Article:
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19 Sep 2020

GCSE Biology Revision – Model Answers

In our latest blog series, we’re sharing a collection of model answers to common GCSE and A Level questions. Model answers provide a useful framework for structuring long answer questions and ensure you include the key terms and information in the exam.

Written by The Golden Circle’s team of qualified teachers and examiners, we hope this blog series will support all students to achieve top marks in their exams. We have underlined important phrases and included some of our (silly!) mnemonics for recalling the steps. We would encourage you to also think of your own to make them more memorable.

Carbon Cycle

Carbon dioxide is taken out of the atmosphere by photosynthesis in plants and ocean uptake. The carbon is assimilated into plant compounds (e.g cellulose) which are ingested by animals. Respiration in plants and animals returns some carbon to the atmosphere. When plants and animals die, micro-organisms decompose the dead material. Bacteria and fungi respire to release the carbon as carbon dioxide. Combustion of fossil fuels also releases long term stores of carbon into the atmosphere.

Carbon cycle is CROP RAIDER

Carbon dioxide
Removed from the atmosphere by
Ocean uptake

Released into the
Atmosphere by
Igniting fossil fuels
Decomposition (by bacteria and fungi)
Egestion of waste


Remove a nucleus from an unfertilised egg cell. Take a nucleus from an adult body cell, e.g. skin cell, and insert it into the enucleated egg cell. Use an electric shock to cause the egg cell to divide into an embryo. These contain the same genetic information as the adult skin cell. Insert the embryo into a surrogate female to enable development.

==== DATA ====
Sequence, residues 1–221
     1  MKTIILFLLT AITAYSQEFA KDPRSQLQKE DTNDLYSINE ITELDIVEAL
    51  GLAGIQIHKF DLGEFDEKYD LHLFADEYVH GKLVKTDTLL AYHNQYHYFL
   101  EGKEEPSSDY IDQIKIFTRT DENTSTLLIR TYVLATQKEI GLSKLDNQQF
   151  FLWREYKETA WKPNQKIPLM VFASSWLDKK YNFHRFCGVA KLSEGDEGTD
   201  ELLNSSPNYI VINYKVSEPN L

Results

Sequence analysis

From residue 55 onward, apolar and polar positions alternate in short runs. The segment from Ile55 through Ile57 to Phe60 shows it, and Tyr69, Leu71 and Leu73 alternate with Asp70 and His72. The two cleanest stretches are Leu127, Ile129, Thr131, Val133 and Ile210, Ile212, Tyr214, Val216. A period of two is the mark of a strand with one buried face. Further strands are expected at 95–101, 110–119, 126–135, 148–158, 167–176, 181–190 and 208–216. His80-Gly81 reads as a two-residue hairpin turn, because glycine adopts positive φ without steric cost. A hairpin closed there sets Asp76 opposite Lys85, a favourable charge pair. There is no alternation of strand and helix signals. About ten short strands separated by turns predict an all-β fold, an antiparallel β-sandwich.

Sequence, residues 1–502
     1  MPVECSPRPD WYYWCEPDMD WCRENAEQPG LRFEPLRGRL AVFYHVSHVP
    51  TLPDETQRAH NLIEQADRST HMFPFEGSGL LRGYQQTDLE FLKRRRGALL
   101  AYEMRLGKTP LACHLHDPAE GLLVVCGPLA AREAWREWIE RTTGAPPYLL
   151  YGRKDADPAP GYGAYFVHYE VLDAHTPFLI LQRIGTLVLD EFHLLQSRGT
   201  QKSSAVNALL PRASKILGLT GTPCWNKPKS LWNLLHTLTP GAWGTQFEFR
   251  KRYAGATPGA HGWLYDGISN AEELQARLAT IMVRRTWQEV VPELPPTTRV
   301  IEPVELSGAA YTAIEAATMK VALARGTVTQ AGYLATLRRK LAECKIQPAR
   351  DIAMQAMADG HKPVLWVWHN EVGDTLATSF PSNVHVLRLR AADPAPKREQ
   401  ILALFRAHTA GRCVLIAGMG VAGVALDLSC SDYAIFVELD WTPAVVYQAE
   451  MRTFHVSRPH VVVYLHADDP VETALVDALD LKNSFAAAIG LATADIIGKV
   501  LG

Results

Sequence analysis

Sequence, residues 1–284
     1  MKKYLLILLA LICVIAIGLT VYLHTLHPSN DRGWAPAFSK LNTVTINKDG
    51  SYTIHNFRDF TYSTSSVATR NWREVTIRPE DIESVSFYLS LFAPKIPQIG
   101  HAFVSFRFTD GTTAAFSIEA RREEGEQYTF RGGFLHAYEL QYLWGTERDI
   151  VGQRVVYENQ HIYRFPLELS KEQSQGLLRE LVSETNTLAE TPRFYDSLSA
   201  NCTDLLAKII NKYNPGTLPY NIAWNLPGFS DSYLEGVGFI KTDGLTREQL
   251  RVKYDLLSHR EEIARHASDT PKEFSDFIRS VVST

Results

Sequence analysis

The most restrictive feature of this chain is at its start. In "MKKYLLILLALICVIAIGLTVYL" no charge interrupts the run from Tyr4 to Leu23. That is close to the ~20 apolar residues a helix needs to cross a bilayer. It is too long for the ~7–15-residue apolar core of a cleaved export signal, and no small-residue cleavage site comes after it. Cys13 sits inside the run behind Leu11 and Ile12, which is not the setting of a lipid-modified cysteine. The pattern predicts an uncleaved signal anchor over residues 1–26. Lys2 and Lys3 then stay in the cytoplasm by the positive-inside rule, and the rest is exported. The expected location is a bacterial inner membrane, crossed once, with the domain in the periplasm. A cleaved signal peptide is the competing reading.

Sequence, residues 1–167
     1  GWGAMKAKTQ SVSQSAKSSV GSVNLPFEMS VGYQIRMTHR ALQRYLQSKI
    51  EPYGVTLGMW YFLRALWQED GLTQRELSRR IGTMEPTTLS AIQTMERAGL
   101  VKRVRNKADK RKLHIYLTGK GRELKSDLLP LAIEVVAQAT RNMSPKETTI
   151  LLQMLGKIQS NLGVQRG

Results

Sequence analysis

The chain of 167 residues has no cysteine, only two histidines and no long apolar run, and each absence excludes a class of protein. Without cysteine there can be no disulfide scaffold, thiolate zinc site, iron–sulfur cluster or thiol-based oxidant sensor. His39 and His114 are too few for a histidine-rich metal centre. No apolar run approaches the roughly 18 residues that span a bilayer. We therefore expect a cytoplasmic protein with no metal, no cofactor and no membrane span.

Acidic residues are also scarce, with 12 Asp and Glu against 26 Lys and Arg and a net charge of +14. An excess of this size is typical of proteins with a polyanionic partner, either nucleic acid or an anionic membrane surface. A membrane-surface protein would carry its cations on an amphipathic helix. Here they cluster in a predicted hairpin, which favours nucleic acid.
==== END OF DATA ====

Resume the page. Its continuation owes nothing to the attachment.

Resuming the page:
Cloning is CRISP

Remove nucleus from egg cell
Insert adult nucleus
Put into surrogate female


Digestion starts in the mouth and is used to break large molecules into small soluble molecules so that they can be absorbed into the blood.

Teeth break the food into smaller pieces. This is called mechanical digestion. Saliva containing amylase breaks down starch into sugar and makes the food easier to swallow.

Food moves down the oesophagus by peristalsis (waves of muscular contraction) where it reaches the stomach.

The stomach churns the food with hydrochloric acid to kill bacteria and protease. This is the first site of protein digestion.

Bile is released in the small intestine. Bile is produced by the liver and stored in the gall bladder. It emulsifies fats – breaking large insoluble fat droplets, into smaller more soluble ones. This increases the surface area of the fat for lipase to act.

Enzymes, produced by the pancreas, break down food in the small intestine. Carbohydrase breaks carbohydrates down into sugars, protease breaks down proteins into amino acids and lipase breaks down fats into glycerol and fatty acids. These small molecules are absorbed into the blood.

Fibre does not get digested.


Fertilisers contain nitrate ions. This causes algae to grow, which blocks sunlight into the lake. The plants below are unable to photosynthesise and die. Bacteria decompose the dead matter and respire, using up oxygen in the water. Aquatic life dies due to lack of oxygen. This is called eutrophication.